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MM Leader: Non-advised service could offer flexibility

This week Money Marketing reports on IFA firm Dennehy Weller & Co launching a non-advised platform for clients who feel they do not need, or cannot afford, full independent advice.

The platform, powered by Fidelity FundsNetwork, offers guidance to help investors choose from a range of funds based on appetite for risk.

Platforms and technology suppliers are now looking to give advisers the flexibility to offer non-advised transactional flexibility to clients.

If some clients, particularly low and middle-earners, feel excluded from traditional advice services due to the costs of RDR, such services may offer an alternative to losing the client.

A number of firms are looking at offering layers of advice, based on client need. You could see some younger aspirational clients being attracted to the type of service Brian Dennehy has launched, maybe alongside whole-of-market protection and mortgage advice.

Empowered by the growth of the internet, it would, perhaps, be rash not to consider that some higher-value clients may also want the flexibility to take control of elements of their investment portfolio at certain times, while retaining the services of an IFA.

The RDR will see new players looking to take advantage of any increase in the advice gap but why cannot local IFA firms, who already have a trusted brand in their communities, compete with the backing of a decent technology proposition?

A clearly defined, client-driven non-advised service could well be an attractive string to an advice firm’s bow.

Time didn’t fit the bill

The public bill committee scrutinising the Financial Services Bill finished its allocated sessions last week but failed to get through nearly a quarter of the Treasury’s clauses.

The bill now moves to report stage and a full Parliamentary debate but it is worrying such a large section of the bill was not given proper scrutiny.

Policymakers have a rare chance to improve financial regulation for the better, although there is a concern these rules will usher in a new set of financial regulators less accountable to Parliament and the electorate.

Less haste and more debate and scrutiny would surely be a recipe for better consumer outcomes.

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Comments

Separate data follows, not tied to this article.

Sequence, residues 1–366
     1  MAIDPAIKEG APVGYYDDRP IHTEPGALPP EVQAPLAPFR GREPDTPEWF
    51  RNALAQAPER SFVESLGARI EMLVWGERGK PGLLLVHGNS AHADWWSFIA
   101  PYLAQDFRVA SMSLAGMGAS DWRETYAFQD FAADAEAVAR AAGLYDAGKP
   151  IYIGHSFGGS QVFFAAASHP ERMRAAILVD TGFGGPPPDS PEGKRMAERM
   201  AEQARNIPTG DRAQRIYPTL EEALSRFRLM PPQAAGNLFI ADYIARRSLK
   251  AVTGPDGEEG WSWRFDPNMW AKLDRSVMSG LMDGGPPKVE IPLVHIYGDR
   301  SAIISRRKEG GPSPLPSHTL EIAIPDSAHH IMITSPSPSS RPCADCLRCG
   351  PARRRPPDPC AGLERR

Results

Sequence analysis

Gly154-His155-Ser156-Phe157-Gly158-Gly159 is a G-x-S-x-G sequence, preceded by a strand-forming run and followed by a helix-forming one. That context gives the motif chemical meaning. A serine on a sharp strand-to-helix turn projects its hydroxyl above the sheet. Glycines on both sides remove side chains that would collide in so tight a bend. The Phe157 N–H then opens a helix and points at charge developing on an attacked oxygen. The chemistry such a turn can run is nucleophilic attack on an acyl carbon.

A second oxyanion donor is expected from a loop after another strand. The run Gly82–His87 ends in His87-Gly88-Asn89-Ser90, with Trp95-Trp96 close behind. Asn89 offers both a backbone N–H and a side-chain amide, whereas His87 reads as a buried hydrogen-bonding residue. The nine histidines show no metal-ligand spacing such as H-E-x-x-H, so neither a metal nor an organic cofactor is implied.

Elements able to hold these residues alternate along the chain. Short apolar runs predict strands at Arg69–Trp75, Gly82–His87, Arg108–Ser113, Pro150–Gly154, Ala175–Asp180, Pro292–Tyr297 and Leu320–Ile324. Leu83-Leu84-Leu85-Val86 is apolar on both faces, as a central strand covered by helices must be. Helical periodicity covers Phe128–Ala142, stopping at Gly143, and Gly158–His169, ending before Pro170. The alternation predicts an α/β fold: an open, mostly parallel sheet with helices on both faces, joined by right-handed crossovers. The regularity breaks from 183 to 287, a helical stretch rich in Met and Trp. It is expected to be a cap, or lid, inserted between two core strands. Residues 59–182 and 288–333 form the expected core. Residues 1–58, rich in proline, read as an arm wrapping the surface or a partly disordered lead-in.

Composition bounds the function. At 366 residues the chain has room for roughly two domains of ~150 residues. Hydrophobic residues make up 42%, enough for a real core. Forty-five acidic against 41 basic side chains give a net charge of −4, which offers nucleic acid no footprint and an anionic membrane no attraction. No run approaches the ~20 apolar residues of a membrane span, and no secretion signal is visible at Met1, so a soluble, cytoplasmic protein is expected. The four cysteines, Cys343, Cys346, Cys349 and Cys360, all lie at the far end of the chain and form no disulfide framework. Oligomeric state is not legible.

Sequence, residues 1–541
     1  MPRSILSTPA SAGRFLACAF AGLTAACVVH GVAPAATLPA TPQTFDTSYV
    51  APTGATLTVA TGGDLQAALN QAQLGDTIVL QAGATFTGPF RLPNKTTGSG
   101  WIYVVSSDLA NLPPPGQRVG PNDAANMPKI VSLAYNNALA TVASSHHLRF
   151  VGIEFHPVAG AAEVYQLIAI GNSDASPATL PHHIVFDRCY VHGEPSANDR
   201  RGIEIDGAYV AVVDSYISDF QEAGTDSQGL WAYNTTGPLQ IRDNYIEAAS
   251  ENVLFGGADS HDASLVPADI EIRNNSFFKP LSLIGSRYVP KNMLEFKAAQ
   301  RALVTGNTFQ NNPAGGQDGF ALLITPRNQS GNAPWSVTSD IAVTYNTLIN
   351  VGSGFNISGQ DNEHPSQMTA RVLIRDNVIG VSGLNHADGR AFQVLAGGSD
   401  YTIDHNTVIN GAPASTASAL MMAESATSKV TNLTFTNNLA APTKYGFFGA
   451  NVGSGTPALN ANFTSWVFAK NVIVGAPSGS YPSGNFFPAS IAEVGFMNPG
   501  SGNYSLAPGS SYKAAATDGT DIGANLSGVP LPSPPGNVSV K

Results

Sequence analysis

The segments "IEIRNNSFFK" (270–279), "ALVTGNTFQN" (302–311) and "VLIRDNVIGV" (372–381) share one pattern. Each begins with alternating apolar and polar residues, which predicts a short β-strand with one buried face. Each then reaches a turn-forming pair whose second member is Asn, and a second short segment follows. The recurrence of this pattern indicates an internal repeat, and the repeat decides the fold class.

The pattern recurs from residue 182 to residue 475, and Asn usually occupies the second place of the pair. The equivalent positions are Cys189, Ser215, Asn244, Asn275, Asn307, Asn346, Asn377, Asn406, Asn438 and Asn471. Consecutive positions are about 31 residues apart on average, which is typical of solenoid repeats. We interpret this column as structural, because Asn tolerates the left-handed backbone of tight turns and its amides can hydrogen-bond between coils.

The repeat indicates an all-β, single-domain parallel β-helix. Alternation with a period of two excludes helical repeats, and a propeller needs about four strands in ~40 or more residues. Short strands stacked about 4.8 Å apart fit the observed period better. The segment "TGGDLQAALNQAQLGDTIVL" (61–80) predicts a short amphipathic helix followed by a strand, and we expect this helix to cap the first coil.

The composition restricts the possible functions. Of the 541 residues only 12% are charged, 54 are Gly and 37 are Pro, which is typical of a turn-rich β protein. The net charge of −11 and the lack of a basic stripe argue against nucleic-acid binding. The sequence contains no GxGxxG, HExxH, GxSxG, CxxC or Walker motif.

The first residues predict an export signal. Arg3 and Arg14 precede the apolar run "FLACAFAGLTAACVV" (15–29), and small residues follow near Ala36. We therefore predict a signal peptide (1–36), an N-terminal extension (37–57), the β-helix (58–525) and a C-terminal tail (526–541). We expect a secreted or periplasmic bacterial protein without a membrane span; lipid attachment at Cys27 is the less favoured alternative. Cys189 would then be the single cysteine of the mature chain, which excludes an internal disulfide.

There are 3 comments at the moment, we would love to hear your opinion too.

  1. Why is it that we’ve gone to the expense of educating advisers to a higher standard only to have product providers tried to circumvent that service. I get very worried when I see a product provider use the words empowering the consumer when what they really mean is selling as much of their product as possible without having any liability.

    We’ve seen the results of this type of service in the mortgage market over the last 30 years which resulted in one of the largest financial busts of all time. Why is it that execution only or non-advice services have been banned from 2013 in the mortgage market only to be introduced with enthusiasm by our regulator in the investment sector.

    For clients to be able to use this type of product on a non-advice basis should only be allowed if the client can pass a fairly simple test to demonstrate that they know what they are doing. Otherwise they should be directed towards an independent financial adviser. Come on regulator and product providers start promoting the excellent services provided by IFA’s instead of always trying to put us out of business.

  2. The vast majority of people do not use / cannot afford the services of an IFA. This situation will not improve post RDR.

    Any direct to customer offering is to be welcomed as long as it complies with current legislation and the clients understand the situation.

    Peter how would you feel if prospective clients were given a financial products test with those scoring more than 40% barred from using your services even if they definitely want to?

    Those that want to use an IFA should be allowed to, those that don’t should be allowed to go it alone.

  3. Adrian

    That’s OK as long as those clients can never claim on the on the FSCS which IFA’s end up paying for. If we have non-advice then the FSCS needs to be split in two so IFA’s do not end up paying high fees based on Bank non advice sales.

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